We had booked a small apartment in Shinjuku-ku. We took the train there and walked the last few hundred metres.
“Can you tell me how to get to this address?”
“This is close by, let me walk you to it”
“Please don’t trouble yourself. Just show us the way and we’ll manage”
He kept on walking ahead of us anyway. Pointed us towards our apartment. Before we could thank you, he bowed his head. “Arigatou”, he smiled. “Arigatou”, we bowed back.
The Japanese are the masters of fitting everything perfectly into a tight space. There was a washing machine, a clothes rack, a wardrobe, a kitchen sink, a couch, a coffee table in an area that was small even by a cramped city standard. But you couldn’t find a single thing out of place and it made perfect use of every space. Japan outdoes everyone when it comes to toilet seats. Push of a button and the seat is warm for you to sit. Water jet can be synced to the music on your phone. The last bit might not be true but with the Japanese, you never know.
My first impression of the Japanese, apart from the fact that they are very organised, was that they don’t talk much on public transport. The phones are always on silent. The trains are crowded during office hours but there’s no sound of chatter. Are the Japanese a cold lot? Far from it, I would say.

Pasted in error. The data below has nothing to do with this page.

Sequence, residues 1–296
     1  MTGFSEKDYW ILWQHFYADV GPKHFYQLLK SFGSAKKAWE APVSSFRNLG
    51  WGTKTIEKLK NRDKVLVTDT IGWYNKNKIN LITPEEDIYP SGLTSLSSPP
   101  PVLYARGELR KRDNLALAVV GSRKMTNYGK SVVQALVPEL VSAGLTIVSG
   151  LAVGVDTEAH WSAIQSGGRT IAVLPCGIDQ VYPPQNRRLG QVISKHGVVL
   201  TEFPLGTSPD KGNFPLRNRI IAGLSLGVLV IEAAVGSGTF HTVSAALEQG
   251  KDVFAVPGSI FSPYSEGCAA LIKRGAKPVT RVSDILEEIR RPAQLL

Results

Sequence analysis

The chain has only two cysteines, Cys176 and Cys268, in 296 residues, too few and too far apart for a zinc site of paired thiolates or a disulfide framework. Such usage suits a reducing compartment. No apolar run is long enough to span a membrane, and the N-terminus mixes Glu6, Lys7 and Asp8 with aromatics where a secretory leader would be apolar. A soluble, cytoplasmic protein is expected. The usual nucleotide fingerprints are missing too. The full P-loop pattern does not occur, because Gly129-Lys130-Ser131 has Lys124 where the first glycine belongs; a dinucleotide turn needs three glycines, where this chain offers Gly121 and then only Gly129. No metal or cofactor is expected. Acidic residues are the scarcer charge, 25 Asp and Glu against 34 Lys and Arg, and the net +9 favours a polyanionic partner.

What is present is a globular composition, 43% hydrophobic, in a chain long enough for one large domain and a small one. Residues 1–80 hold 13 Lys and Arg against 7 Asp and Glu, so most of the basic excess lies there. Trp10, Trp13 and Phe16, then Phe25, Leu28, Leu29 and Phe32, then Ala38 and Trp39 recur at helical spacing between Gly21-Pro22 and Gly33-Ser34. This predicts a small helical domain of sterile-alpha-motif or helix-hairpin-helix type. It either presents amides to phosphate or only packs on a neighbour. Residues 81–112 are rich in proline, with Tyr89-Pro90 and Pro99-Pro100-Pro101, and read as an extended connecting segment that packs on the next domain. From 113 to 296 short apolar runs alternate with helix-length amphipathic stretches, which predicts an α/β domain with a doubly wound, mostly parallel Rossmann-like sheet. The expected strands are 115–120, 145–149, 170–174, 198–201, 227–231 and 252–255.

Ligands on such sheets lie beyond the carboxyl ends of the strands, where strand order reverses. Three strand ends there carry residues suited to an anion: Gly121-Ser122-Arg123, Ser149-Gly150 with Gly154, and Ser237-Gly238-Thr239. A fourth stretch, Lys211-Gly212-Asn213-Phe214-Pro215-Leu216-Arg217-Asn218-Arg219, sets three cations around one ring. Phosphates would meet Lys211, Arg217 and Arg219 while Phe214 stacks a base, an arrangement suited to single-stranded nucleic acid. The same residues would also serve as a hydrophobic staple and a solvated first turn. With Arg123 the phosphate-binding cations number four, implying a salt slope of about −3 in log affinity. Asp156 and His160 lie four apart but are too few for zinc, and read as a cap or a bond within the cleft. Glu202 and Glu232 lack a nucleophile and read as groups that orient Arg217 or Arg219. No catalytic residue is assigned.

We had got a Japan Rail Pass before landing in Japan. It allows you to travel on all trains managed by Japan Rail barring a few. It sounded a bit expensive but when I looked at the rates of the tickets here, I was happy that I got the pass. I had heard a lot about Shinjuku and Shibuya, the Golden Gai and the iconic crossing so we left early to just walk around the area and explore. The Golden Gai is a series of small alleys with even smaller bars. Bars that can sit 4-5 people at a go. Since the place is small, most of the bars levy what is known as ‘otoshidai’ which loosely translates into a seating charge. Most of the local bars here in Japan do charge a seating charge but it is very minimal. Tipping in Japan is considered to be inappropriate so you would never mind paying that minimal amount as seating charge. Though these bars at Golden Gai aren’t exactly the izakayas (local Japanese bars) which have more Japanese flavour to it and a lot more food choices. This area is typically filled with backpackers and tourists who have read about the charm of Golden Gai.